PRIVATE MEMBERS' BUSINESS: Cochlear Implants
Mr CADMAN (Mitchell) (3.41 p.m.) —I am pleased that the member for Griffith has raised this issue, because it does need the attention of the House. He has raised a concern that has been expressed by people in the community who are worried about the prospect of upgrades to cochlear implants.
There are two establishments within my electorate of Mitchell which care for people with impaired hearing. I wish to acknowledge the splendid work done by St Gabriel's School for Hearing Impaired Children and also the work that is done by the Royal Institute for Deaf and Blind Children. Both of these organisations have a strong record of support and assistance to young people, to children in particular, with impaired hearing. This motion gives the House an opportunity to look at some of the wrong and perhaps mischievous comments made in the community about this issue, particularly in relation to upgrades of equipment—comments which are perpetrated to disturb parents and children.
The cochlear implant was developed in Australia with great success and it has had a massive worldwide impact. The government, in its policy on hearing impairment, developed a voucher system which commenced in 1997. This system improved the way in which people are entitled to receive benefits for hearing problems. There are 139 providers around Australia and, under the voucher system, 340,000 people receive benefit, assistance or support of one kind or another. Within the voucher system there is a community service obligation which applies specifically to young people under the age of 21. This program protects 35,000 children and it costs around $119.8 million per year. So this government gives significant support to hearing impairment services, particularly to young people under the age of 21. There is also a community service obligation which applies to a special needs group, which covers 11,000 special needs people. The community service obligation also requires the National Acoustic Laboratories to continue its brilliant worldwide research. Last year, the government spent a total of $209.5 million on hearing impairment services.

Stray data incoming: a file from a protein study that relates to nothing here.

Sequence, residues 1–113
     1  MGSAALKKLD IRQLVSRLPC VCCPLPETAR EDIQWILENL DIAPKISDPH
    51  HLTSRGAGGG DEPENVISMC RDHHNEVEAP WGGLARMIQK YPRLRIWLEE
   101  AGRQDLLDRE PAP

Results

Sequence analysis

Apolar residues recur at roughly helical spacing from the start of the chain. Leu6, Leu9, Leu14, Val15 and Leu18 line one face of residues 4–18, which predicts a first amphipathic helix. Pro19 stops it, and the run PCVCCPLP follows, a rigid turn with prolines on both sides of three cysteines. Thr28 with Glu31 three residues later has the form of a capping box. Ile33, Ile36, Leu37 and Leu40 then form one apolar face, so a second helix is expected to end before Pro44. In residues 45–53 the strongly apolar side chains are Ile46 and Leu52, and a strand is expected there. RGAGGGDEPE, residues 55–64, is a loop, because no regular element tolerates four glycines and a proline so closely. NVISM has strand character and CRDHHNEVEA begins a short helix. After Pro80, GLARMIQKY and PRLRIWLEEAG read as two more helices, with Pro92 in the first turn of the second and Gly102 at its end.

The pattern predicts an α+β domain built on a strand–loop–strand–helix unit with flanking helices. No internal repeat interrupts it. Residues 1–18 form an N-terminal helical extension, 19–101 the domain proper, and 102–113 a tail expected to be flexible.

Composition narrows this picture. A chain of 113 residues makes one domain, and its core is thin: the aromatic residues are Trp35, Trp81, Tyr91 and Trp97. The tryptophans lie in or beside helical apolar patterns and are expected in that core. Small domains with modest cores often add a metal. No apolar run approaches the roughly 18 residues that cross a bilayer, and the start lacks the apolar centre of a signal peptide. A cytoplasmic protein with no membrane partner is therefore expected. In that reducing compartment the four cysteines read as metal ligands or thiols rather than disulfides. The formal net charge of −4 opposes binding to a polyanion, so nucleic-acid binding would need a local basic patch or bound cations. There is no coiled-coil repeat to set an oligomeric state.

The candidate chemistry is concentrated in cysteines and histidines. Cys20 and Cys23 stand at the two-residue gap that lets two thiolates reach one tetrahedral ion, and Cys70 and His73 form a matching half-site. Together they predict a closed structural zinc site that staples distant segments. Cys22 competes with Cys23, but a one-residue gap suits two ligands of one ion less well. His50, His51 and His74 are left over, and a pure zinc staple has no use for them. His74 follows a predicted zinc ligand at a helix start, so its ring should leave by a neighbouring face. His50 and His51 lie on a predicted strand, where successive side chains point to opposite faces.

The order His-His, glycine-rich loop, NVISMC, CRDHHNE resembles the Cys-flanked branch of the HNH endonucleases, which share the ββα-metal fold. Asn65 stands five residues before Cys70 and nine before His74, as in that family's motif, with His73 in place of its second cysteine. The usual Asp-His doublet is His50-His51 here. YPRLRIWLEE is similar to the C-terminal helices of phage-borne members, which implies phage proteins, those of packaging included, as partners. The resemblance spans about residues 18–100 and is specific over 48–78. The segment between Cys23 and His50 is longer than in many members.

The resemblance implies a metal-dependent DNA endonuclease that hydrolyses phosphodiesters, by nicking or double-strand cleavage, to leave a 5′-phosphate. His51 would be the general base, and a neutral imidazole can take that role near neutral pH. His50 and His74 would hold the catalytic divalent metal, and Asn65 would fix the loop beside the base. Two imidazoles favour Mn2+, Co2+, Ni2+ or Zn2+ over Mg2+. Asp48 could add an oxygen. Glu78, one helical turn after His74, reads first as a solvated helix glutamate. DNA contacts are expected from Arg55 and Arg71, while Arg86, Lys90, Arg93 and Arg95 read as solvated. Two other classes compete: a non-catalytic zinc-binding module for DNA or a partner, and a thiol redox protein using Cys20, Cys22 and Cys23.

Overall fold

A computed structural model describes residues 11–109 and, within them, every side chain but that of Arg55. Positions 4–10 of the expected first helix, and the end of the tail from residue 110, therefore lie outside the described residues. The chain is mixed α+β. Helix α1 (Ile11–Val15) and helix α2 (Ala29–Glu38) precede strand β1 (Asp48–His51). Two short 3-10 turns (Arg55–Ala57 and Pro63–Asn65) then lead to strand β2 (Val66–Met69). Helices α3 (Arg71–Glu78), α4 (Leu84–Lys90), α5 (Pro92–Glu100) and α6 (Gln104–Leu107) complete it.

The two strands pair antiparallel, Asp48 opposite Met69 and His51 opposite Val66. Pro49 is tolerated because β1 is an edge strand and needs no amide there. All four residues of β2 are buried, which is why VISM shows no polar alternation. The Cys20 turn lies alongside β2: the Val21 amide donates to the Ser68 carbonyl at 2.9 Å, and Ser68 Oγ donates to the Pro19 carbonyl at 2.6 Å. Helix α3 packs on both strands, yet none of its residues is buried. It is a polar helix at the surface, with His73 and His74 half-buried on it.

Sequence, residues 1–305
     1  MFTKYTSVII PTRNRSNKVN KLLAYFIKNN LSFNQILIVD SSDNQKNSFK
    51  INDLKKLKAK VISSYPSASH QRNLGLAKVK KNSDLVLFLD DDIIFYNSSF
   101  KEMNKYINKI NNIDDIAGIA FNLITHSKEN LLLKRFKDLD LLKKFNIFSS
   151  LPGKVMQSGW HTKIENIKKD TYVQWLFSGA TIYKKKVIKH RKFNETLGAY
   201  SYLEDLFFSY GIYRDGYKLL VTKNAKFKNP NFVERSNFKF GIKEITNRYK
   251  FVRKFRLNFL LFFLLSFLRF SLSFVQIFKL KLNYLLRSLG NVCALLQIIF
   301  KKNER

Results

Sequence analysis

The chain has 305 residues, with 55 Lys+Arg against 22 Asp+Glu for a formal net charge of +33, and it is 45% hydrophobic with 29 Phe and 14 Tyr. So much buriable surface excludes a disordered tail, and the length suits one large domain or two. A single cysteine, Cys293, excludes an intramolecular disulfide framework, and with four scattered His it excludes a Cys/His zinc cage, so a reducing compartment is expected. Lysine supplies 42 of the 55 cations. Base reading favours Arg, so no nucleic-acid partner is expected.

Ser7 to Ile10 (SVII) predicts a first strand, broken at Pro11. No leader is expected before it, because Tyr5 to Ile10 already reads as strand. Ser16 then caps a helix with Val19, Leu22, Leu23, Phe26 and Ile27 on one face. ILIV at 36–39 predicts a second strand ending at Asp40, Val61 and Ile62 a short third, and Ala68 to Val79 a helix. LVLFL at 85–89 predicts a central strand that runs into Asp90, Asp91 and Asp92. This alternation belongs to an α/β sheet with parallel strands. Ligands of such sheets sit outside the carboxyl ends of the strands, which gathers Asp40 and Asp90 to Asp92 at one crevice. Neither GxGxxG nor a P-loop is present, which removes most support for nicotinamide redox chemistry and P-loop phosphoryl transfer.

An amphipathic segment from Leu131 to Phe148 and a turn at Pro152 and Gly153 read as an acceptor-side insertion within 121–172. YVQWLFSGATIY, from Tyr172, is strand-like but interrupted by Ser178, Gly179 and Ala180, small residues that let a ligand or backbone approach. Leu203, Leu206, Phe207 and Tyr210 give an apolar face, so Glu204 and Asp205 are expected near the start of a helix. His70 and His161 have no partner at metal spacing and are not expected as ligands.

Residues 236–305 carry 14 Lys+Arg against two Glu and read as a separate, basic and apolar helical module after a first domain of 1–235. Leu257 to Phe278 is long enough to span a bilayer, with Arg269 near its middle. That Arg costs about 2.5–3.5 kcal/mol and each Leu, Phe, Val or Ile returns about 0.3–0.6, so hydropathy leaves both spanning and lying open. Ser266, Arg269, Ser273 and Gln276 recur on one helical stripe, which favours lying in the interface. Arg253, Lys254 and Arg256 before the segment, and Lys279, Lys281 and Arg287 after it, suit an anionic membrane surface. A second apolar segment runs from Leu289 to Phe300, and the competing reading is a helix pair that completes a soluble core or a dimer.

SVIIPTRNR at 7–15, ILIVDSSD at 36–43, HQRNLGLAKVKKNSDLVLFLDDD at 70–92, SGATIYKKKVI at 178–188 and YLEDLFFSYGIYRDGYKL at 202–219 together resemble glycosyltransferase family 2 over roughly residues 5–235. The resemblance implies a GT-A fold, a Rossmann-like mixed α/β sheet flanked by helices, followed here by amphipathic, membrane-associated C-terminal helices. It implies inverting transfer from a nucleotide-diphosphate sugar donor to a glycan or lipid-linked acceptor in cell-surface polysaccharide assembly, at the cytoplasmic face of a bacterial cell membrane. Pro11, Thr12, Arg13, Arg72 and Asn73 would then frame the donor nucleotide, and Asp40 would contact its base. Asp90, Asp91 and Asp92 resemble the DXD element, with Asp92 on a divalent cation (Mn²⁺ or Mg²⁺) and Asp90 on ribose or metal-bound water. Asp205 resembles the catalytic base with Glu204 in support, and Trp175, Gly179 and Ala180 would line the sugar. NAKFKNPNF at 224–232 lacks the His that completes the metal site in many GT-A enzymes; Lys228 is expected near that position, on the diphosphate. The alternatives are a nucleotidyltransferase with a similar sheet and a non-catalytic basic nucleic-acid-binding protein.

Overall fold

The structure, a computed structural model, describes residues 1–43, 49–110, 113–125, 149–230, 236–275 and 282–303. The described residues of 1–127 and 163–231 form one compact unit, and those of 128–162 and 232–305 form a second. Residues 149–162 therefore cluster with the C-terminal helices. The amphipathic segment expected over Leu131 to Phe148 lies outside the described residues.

The government's role in the measure under discussion today lies in two parts: firstly, the provision of cochlear services; and, secondly, the implementation of new equipment. The new equipment comes within the Australian Hearing Services Act, and that new equipment has to be assessed as part of an ongoing assessment of new prostheses. That review is expected to be concluded by the end of the year but, whether or not that review is concluded on time, young adults under the age of 21 and their parents should have no fears about the government's ongoing commitment to the provision of upgrade processes and the assessment of new equipment. I thank the member for Griffith for raising this issue. It has been a valuable issue for us to discuss. Schools such as St Gabriel's and the institute for those who have a hearing impairment and those who are blind have no need to be concerned, because the government has the situation covered. It will look after young people with a hearing impairment and it will continue to expand the hearing program, as it did last year, as part of a five-year program, when it introduced upgraded funding for the program.
Author: Alan Cadman MP
Source: House Hansard - 24th June 2002
Release Date: 2 Jul 2002